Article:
Tree Management in Australian Schools
Trees are known for their numerous functions. Traditionally, they are known to contribute towards the appearance of an area. Australian communities understand the environmental importance of trees, and take pride in their aesthetic value.
Tree management in Australian schools needs to respect the land’s requirements and the laws which govern tree protection. Laws protecting trees vary considerably across Australian territories and states. These laws are categorized with respect to the location of the tree species and mostly, trees are generally classified in reference to their indigenous or heritage nature.
SA and ACT provide detailed statutes in the protection of indigenous and non-indigenous tree species. Proper tree management practices in Australian schools should consider the central themes related in tree protection laws. These requirements state that, trees that have been declared as pest species are free from protection and can be cut for maintenance purposes.
In the ACT registered and regulated trees are well protected. Regulated trees are trees whose width canopies are over 12m and are 12m and above. Also, regulated trees have a trunk’s circumference of 1.5m and above and they should be at least 1m from the level ground. When such a tree is in the school compound, it should not be felled, destroyed or be major pruned or undergo any activity that will reduce its life expectancy. Minor pruning is however allowed, but AS 4373 has to be followed. In the event that a tree is permitted to be removed, SA requires that two trees to be planted to replace the cut regulated tree. For significant trees, three trees should be planted to replace the cut tree. In addition, a fee of $75 is charged against every cut tree (EDO NSW).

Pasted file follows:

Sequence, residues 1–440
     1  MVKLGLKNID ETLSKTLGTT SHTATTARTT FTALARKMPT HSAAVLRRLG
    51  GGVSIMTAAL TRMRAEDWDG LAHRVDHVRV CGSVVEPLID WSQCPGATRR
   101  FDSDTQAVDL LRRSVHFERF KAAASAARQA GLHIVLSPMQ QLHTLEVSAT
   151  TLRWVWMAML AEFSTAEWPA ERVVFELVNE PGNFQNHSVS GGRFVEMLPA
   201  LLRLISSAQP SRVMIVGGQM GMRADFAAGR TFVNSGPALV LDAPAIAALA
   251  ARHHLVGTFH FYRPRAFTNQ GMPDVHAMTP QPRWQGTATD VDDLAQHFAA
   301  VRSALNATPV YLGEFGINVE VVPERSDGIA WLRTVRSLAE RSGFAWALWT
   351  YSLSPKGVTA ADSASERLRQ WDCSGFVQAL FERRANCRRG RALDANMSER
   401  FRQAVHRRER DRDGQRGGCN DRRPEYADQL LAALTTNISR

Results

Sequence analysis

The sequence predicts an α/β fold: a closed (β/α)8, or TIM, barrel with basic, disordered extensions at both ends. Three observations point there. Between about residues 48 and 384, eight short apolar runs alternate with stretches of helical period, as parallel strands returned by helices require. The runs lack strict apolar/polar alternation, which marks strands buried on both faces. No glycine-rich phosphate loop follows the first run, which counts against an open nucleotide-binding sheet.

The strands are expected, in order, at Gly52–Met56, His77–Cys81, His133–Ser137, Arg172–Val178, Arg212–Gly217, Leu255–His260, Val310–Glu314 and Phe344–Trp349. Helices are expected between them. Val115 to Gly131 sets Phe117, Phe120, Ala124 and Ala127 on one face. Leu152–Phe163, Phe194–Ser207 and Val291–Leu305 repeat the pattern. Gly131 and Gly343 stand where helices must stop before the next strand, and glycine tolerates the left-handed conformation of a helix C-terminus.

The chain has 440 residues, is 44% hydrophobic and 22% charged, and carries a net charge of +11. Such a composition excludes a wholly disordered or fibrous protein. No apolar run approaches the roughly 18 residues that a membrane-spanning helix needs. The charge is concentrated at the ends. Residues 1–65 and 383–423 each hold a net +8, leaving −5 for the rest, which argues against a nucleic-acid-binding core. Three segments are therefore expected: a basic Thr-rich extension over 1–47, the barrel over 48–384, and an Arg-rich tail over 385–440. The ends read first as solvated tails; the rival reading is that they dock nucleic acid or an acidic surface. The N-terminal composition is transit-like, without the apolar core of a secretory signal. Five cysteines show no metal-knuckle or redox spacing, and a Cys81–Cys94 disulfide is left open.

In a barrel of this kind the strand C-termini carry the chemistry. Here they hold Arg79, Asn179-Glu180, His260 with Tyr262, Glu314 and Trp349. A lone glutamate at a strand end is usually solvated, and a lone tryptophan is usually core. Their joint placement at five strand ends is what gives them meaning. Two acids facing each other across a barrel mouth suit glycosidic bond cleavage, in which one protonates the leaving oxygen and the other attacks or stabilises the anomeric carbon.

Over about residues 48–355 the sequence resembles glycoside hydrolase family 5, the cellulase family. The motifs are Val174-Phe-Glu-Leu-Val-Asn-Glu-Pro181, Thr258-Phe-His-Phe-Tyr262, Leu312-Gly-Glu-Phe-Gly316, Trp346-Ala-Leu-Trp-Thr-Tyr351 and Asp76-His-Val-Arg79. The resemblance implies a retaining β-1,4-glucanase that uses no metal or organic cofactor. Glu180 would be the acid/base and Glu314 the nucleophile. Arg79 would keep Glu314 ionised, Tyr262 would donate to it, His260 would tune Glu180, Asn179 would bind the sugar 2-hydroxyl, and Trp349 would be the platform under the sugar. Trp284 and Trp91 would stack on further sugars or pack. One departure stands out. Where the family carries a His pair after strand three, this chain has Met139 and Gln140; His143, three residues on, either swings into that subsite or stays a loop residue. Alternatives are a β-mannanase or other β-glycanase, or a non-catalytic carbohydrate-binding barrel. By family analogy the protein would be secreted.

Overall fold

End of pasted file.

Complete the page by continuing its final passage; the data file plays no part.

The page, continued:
NSW public schools are now required to seek the services of qualified and experienced arborists to help in reviewing tree safety at the schools (Tree maintenance at NSW Public Schools). Mostly, the trees that are liable for review are those that overhang the school’s playground areas and buildings. Mainly, the trees given priority in the review process include the gum trees and trees that are considered to be tall.
Trees located in and around the school compounds should be protected and their balance maintained. This is because once the tree is fully grown one has to obtain a permit in order to remove it from its environment. The Northern Territory does not have strict penalties against those who break laws in tree protection. In New South Wales and Western Australia local government is in charge of tree protection and management. The Government of NSW has established a Standard Instrument LEP in the cause of preserving trees (EDO NSW). Biodiversity preservation should be practiced in all Australian schools that are focused in environmental conservation practices.
A good tree management plan will involve the school’s authority, the staff, community and students. All these groups of people need to have common ground and vision in making the environment a better and sustainable place. Trees and branches that tend to fall are generally considered to be hazardous. A hazardous tree is one that is potential to a complete fall or one that has defects in its structural appearance and could easily result in collapse and falling of the branches and the tree itself (Waverley Council, 2007).
Some Australian tree species are hazardous in nature and can cause injuries to people and students when they fall or their limbs break. Some of these dangerous species are Eucalyptus Saligna, Eucalyptus Camaldulensis, Eucalyptus Regnans, Eucalyptus Maculosa, Corymbia Maculata, Eucalyptus Mannifera, Erythrina Spp, Eucalyptus Viminalis and Eucalyptus Rubida.
Tree management in Australian schools must address basic concerns and challenges that relate to tree management. Trees found in school compounds should be closely monitored to ensure that any form of outcome is anticipated with precision.